The kodkod is the smallest cat in the Americas, found in Chile and Argentina. Its scientific name is Leopardus guigna, and it is sometimes called the güiña. They are closely related to the other small cats of South America, such as the Ocelot and the Margay.
|Kodkod range map|
Kodkods live in mixed temperate rainforests of the southern Andes. They also live in the coastal forests of Chile, which have bamboo in the understory of the forest. They prefer evergreen temperate rainforests. They are tolerant of altered habitats, and are found in secondary forest and shrub as well as primary forest, and on the fringes of settled and cultivated areas.
Kodkods are active during the day and night, but they only go into open ground under the cover of darkness. During the day, they rest in dense vegetation in ravines, along streams with heavy cover. They are excellent climbers, and easily able to climb trees more than a meter in diameter. They are terrestrial predators of birds, lizards and rodents in the ravines and forested areas.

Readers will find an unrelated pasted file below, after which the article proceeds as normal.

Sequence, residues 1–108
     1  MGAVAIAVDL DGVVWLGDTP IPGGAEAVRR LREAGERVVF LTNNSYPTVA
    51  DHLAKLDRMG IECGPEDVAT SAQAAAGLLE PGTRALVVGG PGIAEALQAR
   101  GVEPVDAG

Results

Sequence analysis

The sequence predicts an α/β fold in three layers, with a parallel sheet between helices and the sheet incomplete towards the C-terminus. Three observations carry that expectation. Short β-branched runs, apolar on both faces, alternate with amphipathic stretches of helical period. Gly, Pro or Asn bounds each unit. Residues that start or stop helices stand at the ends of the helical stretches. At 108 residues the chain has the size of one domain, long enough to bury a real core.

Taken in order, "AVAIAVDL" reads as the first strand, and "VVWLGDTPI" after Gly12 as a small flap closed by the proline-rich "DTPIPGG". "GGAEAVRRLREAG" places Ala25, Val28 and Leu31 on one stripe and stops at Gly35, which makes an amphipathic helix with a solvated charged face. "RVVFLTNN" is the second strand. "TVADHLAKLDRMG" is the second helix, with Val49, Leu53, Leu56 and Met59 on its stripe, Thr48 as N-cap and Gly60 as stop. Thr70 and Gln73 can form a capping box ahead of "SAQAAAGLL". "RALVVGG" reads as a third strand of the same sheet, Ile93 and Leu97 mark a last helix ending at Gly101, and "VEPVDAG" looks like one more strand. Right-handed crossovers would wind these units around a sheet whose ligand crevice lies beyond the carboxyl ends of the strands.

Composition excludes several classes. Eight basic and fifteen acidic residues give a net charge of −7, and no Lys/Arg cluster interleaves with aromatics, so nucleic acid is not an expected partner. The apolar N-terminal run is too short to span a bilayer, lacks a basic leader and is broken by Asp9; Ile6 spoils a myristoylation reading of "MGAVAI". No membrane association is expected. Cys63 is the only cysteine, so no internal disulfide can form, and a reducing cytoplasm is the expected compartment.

Male kodkods maintain exclusive territories 1.1 to 2.5 square kilometres (0.42 to 0.97 sq mi) in size, while females occupy smaller ranges of just 0.5 to 0.7 square kilometres (0.19 to 0.27 sq mi).
- Acosta G. & Lucherini M. 2008. Leopardus guigna. IUCN Red List of threatened species. Version 2011.1. International Union for Conservation of Nature. 
- Wozencraft, W. C. (2005). "Order Carnivora". In Wilson, D. E.; Reeder, D. M (eds.). Mammal Species of the World (3rd ed.). Johns Hopkins University Press. p. 538. ISBN 978-0-8018-8221-0. OCLC 62265494.CS1 maint: ref=harv (link)
- Nowell K. & Jackson P. 1996. Kodkod. In Wild Cats: status survey and conservation action plan. IUCN/SSC Cat Specialist Group, Gland, Switzerland.
- Sunquist, Mel & Sunquist, Fiona 2002. Wild cats of the World. Chicago: University of Chicago Press. pp. 211–214. ISBN 0-226-77999-8